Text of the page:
Banjax

Hello,

This week’s word is banjax (pronunciation here). It’s an informal word which teeters on the edge of slang but does get a definition in several major dictionaries. Although it might not be acceptable in an English essay for an exam, it is a mainstream word, albeit one which is most widely used in Ireland (Hiberno English) than in other English-speaking countries.

So what does banjax mean? Well, it describes something, or someone, who is worn out, tired, broken beyond repair. If the mechanic has given up on your car then it would be banjaxed, or if you had worked nights for a month and could barely put one foot in front of another you would be banjaxed.

My Dad as a Schoolboy

The best description I ever heard of banjax came from my father. He told me when he was growing up in Killester (Dublin) there was still an undeveloped field opposite his house on the Howth Road. It was home to one sad, lonely donkey who had retired after a long life as a working animal. The way he described the creature it reminded me of Eeyore in the A.A.Milne stories. The local kids loved the donkey and would pull up juicy grass to feed it through the gate. They named it Banjax.

Sadly, like the end of the donkey’s story, banjax’s origins are lost to us. The word appeared in Ireland around the 1930s. The only guess I found was that it could be connected to the word banjo. You will sometimes hear a person say they are banjoed when they are tired, so there may be a connection, but it remains to be proven. If you’ve theories of you own, please let me know in the comments.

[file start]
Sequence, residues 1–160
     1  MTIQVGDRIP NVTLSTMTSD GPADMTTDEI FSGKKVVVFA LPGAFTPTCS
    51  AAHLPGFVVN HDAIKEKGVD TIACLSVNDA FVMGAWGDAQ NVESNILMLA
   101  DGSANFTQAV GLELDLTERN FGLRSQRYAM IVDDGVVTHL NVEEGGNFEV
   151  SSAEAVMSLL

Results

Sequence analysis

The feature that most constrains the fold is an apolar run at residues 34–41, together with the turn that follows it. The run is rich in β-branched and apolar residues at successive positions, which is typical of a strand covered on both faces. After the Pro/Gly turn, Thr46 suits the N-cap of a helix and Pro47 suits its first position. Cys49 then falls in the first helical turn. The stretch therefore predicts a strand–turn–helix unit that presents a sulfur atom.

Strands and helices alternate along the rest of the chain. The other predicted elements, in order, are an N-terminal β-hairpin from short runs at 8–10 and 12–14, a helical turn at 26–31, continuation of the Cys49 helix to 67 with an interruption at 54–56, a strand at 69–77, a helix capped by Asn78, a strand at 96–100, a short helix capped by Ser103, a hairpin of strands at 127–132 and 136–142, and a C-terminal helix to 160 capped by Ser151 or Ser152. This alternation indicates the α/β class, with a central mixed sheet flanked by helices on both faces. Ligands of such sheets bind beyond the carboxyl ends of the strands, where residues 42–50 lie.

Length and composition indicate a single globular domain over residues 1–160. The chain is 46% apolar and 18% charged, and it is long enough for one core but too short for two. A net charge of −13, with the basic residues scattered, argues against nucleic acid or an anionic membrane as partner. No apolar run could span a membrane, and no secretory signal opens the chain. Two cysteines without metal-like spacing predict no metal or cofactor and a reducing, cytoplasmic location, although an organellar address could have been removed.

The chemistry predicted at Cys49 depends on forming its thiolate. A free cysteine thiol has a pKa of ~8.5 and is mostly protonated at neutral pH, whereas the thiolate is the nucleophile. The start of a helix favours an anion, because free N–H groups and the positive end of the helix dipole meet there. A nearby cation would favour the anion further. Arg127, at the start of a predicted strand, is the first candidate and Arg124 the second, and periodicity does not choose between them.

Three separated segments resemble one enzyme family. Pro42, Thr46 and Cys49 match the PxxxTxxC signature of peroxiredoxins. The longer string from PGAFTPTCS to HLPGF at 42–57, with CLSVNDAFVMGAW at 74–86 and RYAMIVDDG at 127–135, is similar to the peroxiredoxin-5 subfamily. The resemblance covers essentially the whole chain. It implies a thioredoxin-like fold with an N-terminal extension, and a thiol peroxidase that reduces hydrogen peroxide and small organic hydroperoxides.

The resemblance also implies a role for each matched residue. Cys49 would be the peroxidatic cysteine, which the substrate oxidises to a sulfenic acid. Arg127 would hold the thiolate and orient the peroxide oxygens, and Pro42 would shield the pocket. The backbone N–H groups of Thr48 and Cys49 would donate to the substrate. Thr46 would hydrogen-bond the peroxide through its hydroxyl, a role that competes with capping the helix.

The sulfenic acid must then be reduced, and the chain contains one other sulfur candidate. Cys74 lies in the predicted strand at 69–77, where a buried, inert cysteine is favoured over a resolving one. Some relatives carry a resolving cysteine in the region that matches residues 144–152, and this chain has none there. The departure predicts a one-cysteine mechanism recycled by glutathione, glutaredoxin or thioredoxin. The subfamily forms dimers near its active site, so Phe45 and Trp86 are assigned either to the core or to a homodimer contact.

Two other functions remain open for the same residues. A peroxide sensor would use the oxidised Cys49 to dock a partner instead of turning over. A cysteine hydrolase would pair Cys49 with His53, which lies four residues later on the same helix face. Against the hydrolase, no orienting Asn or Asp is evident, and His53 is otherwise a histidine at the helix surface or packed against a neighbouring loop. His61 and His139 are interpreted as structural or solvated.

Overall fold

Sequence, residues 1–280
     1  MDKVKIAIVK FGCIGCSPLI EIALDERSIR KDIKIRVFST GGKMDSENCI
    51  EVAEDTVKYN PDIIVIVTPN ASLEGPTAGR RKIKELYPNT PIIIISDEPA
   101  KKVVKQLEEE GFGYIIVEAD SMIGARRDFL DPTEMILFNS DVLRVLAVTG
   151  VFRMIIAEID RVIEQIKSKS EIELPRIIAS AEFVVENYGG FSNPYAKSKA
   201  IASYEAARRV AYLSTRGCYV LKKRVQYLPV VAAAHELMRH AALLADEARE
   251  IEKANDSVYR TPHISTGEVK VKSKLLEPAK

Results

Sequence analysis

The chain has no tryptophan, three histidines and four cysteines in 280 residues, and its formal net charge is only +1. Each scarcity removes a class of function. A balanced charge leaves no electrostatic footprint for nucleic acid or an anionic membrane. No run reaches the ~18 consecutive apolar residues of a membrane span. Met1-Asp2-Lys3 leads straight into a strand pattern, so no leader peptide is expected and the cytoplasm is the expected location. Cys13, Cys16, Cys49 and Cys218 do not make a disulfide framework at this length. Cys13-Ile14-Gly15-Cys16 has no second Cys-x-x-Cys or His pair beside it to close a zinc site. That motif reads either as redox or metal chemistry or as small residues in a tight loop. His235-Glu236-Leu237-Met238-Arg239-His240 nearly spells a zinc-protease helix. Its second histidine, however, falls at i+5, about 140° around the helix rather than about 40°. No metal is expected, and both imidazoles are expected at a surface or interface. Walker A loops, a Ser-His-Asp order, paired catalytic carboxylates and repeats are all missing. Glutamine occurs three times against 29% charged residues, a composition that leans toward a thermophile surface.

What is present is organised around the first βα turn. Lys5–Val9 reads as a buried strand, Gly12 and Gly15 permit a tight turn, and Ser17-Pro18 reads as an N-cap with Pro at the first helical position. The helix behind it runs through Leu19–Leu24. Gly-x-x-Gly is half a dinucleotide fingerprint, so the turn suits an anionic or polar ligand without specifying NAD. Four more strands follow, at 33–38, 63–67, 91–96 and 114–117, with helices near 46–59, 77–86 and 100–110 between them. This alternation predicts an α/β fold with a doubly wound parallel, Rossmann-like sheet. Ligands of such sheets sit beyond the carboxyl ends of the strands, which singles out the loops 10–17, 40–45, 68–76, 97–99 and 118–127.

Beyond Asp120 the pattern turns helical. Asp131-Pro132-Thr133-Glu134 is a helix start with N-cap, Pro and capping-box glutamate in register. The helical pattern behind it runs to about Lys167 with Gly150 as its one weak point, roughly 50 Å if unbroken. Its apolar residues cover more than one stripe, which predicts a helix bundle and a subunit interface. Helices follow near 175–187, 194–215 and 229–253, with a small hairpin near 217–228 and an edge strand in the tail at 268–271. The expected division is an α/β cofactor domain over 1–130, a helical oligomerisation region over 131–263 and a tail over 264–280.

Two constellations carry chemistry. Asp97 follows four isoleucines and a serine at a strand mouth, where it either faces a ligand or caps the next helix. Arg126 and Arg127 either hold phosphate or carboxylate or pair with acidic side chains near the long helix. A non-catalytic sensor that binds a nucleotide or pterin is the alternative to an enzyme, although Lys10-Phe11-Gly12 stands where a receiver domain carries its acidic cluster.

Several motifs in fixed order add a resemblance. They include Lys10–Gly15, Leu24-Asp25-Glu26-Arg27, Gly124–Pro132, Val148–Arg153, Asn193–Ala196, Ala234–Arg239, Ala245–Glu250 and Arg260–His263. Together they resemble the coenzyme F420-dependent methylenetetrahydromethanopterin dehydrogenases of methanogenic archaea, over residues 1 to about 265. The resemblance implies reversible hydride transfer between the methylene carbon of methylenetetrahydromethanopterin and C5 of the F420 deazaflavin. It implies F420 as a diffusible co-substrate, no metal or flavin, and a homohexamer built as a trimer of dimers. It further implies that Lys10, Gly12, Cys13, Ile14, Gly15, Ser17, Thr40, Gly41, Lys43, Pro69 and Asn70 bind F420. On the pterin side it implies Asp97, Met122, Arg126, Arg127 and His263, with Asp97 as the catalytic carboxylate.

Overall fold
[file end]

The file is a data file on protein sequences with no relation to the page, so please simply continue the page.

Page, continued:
Until next time happy reading, writing, and wordfooling,

Grace (@Wordfoolery)

This post is made in memory of my Dad who died last week. He filled his home with books, his time with crosswords, and his daughters with a love of words and history.

2 thoughts on “Banjax

  1. wordfoolery Post author

    Thank you, Rick. He wasn’t online so never saw this blog, but I know he would have approved (and probably pointed out many mistakes).

    Reply

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